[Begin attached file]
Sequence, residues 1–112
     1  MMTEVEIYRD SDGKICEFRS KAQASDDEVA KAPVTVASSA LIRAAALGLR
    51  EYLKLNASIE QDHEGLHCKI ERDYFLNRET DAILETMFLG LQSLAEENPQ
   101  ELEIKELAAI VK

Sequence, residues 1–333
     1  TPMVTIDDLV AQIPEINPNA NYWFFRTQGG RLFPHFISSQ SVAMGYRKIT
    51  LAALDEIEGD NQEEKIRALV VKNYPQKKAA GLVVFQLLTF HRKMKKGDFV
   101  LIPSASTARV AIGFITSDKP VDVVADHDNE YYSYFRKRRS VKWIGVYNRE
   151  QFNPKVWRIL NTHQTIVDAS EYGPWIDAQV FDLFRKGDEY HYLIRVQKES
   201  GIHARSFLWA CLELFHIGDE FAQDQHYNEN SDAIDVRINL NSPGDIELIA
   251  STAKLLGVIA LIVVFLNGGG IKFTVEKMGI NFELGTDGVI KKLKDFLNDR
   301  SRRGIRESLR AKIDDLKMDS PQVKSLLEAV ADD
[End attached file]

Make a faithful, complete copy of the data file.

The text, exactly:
Sequence, residues 1–112
     1  MMTEVEIYRD SDGKICEFRS KAQASDDEVA KAPVTVASSA LIRAAALGLR
    51  EYLKLNASIE QDHEGLHCKI ERDYFLNRET DAILETMFLG LQSLAEENPQ
   101  ELEIKELAAI VK

Sequence, residues 1–333
     1  TPMVTIDDLV AQIPEINPNA NYWFFRTQGG RLFPHFISSQ SVAMGYRKIT
    51  LAALDEIEGD NQEEKIRALV VKNYPQKKAA GLVVFQLLTF HRKMKKGDFV
   101  LIPSASTARV AIGFITSDKP VDVVADHDNE YYSYFRKRRS VKWIGVYNRE
   151  QFNPKVWRIL NTHQTIVDAS EYGPWIDAQV FDLFRKGDEY HYLIRVQKES
   201  GIHARSFLWA CLELFHIGDE FAQDQHYNEN SDAIDVRINL NSPGDIELIA
   251  STAKLLGVIA LIVVFLNGGG IKFTVEKMGI NFELGTDGVI KKLKDFLNDR
   301  SRRGIRESLR AKIDDLKMDS PQVKSLLEAV ADD